Bergdahl is No Hero, According to His Fellow SoldiersPosted: June 5, 2014
Bergdahl is No Hero, According to His Fellow Soldiers
by JBS President John F. McManus
One late June night in 2009, U.S. Army Private Bowe Bergdahl disappeared from his unit in northeastern Afghanistan’s Paktika province. He left a note saying he was disillusioned with the U.S. military, could no longer support the mission he was tasked to participate in, and had left to start life anew. He had earlier sent his computer and some other belongings home to Idaho. In a letter to his parents, he concluded that “the horror that is America is disgusting.” Fellow soldiers recall him gazing at the mountains from the small base his unit had established and wondering aloud whether he could cross them and get to China. For months after his disappearance that was never considered a capture, the mission his unit sought to carry out dwelled instead on finding him and rescuing him from the Taliban who were thought to be holding him.
Now that he has been released, several of the men who served alongside him have spoken out with renewed anger. Joshua Cornelison, a former medic assigned to the same platoon from which Bergdahl bolted, told the New York Times, “Everything that we did in those days was to advance the search for Bergdahl.” That search turned out to be very costly when two soldiers were killed in an ambush within a week of the disappearance of their lost comrade. Cody Full, another member of Bergdahl’s unit, agrees with Cornelison that their fellow platoon mate ought to be court-martialed as a deserter.
Over ensuing weeks and months, another four to six Americans met death in efforts to find the missing private. For at least 90 days, the American forces in that area of Afghanistan were under orders to abandon whatever mission they were on if they had any indication that Bergdahl was being held nearby. Not only were ground troops searching, they were aided by helicopters, drones, and dogs trained to locate humans.
Now, after five years, Bergdahl has been released by the Taliban and Defense Secretary Chuck Hagel and National Security Adviser Susan Rice say he is in poor health. (Why should anyone believe Rice after her false claim that the attack on the U.S. compound in Benghazi occurred because of a Los Angeles airing of an uncomplimentary rogue video?) The prisoner swap arranged by the Obama administration has to be of the most-lopsided exchanges in history. For Bergdahl’s freedom, the U.S. released five top Taliban officials from the Guantanamo Bay prison in Cuba. All appear from news photos to be in excellent health. Each has a history of top service within the Taliban. Considered leaders of the forces that would impose the strictest form of Islam on their native country (and the world!), their release has led to the widespread conclusion that the Taliban will be energized and become more determined and deadly. Capturing more Americans and bargaining for the release could become a new tactic as the Americans prepare to leave the ravaged country.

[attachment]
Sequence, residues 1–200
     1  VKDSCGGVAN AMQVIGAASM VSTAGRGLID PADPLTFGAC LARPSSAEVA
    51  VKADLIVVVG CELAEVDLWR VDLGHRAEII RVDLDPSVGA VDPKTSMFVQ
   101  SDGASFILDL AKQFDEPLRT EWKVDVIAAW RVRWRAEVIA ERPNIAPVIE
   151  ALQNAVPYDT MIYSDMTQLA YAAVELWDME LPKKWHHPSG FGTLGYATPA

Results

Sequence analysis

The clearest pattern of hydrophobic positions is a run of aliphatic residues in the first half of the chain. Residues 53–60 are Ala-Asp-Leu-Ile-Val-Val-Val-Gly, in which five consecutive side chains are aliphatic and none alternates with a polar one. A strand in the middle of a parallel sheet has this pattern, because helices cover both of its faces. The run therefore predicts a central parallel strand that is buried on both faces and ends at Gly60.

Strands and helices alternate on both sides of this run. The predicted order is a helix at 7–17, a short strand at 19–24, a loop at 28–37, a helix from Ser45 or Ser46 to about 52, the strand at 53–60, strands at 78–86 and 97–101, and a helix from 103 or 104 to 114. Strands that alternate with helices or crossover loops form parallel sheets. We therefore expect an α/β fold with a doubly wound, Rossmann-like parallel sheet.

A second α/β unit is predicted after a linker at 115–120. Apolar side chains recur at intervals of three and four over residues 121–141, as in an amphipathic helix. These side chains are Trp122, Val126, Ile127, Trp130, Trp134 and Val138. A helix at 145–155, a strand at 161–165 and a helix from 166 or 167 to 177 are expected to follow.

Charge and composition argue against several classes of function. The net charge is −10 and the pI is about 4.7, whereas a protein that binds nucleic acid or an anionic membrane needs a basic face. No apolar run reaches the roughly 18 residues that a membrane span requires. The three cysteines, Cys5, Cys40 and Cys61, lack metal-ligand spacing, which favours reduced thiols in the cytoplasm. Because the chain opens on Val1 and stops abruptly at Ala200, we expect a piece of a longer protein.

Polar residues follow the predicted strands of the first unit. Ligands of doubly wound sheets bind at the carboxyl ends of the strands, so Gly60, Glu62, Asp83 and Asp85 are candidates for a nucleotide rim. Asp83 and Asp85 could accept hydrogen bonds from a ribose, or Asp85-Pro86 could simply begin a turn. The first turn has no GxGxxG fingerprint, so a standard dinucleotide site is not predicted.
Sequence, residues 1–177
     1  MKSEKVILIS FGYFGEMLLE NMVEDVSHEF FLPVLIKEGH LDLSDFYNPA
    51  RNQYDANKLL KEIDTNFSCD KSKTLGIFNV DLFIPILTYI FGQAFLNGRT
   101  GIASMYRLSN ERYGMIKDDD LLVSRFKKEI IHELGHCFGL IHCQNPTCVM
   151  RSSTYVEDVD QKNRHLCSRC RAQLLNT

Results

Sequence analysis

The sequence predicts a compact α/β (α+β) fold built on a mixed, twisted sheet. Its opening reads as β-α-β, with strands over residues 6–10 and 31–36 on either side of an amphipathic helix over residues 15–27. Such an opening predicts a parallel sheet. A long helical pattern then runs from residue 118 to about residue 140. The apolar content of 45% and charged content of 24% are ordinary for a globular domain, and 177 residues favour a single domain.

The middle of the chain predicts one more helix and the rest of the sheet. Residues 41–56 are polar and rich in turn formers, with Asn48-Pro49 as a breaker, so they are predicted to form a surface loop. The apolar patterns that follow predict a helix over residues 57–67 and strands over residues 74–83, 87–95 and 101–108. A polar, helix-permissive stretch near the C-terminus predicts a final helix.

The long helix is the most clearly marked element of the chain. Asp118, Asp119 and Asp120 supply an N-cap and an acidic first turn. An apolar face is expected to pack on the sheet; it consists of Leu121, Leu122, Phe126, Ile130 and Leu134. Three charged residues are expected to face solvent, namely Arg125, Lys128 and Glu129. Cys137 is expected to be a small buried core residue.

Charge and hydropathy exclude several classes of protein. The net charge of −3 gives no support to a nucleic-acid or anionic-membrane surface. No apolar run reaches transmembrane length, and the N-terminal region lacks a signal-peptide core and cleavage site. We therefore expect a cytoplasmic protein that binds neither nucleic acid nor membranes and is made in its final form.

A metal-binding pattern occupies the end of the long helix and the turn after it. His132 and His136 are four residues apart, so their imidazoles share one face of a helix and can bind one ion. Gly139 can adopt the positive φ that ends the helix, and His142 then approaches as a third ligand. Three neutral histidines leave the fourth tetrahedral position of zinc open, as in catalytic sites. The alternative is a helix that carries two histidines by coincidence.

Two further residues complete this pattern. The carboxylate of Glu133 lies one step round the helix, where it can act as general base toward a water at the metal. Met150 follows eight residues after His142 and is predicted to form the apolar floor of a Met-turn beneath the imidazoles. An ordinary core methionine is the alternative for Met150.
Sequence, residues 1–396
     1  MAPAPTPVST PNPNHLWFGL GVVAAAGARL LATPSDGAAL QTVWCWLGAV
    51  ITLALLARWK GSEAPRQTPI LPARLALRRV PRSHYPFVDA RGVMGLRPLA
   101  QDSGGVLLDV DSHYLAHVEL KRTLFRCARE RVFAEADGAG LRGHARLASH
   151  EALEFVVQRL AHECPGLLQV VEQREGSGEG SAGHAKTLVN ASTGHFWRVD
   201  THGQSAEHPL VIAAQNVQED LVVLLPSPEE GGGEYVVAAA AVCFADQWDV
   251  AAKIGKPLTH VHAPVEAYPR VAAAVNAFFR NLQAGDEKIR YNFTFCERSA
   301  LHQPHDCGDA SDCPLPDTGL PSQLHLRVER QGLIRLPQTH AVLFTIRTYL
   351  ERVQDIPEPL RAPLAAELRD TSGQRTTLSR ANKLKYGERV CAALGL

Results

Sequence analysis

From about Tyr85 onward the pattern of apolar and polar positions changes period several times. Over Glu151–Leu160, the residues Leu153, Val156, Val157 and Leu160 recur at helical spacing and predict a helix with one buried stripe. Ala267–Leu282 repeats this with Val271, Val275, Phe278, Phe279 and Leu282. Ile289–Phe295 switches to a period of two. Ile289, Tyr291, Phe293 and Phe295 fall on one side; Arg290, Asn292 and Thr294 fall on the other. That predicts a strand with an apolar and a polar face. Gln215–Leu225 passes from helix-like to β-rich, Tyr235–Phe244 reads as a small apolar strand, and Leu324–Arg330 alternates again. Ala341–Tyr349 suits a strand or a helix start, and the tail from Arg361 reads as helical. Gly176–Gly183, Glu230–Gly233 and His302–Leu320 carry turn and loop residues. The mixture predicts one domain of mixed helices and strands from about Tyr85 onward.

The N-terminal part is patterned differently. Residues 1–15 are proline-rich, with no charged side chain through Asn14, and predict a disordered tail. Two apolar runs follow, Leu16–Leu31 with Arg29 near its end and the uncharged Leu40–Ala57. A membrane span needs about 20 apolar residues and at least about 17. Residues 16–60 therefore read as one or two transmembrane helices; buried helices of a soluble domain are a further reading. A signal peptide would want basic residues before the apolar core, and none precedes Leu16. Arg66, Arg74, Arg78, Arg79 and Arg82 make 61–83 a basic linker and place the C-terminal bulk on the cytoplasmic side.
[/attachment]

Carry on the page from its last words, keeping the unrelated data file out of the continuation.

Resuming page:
Let’s put this into perspective by switching roles. Would it make any sense if we had exchanged a private in the Taliban for five colonels and generals in our armed forces?
The 5 for 1 deal arranged by the Obama team included mediation from the officials in the Persian Gulf nation of Qatar. It also included official contact with the Taliban, and implicit recognition of their legitimacy. The arrangement also requires Qatar, a Muslim-dominated country, to hold the five for a year and ensure that they will not engage in any contact with their Afghan comrades, all of whom are overjoyed at receiving what they consider excellent news. Will Qatar enforce such an arrangement?
Bergdahl will soon be back in the United States. Already the recipient of praises from President Obama and others, he will be feted as a “hero” by some but not by all – especially many who served alongside him. The Code of Military Justice governing military personnel states that “desertion or attempt to desert” is punishable during time of war with whatever a military court decides, even including death. There is no likelihood that Bergdahl will meet death or even that he will be court-martialed. Nor will there be any happy recalling of their loss by families of the men who died searching for a man who surely disgraced himself while wearing the uniform of his country.
But surely the greater disgrace is that the military continues to be used (and abused) to unconstitutionally fulfill the role of world policeman, “spreading democracy” by interfering in other countries affairs, unnecessarily expending blood and treasure. Bring them home — now.
Mr. McManus served on active duty as a lieutenant in the U.S. Marine Corps for three years in the 1950s.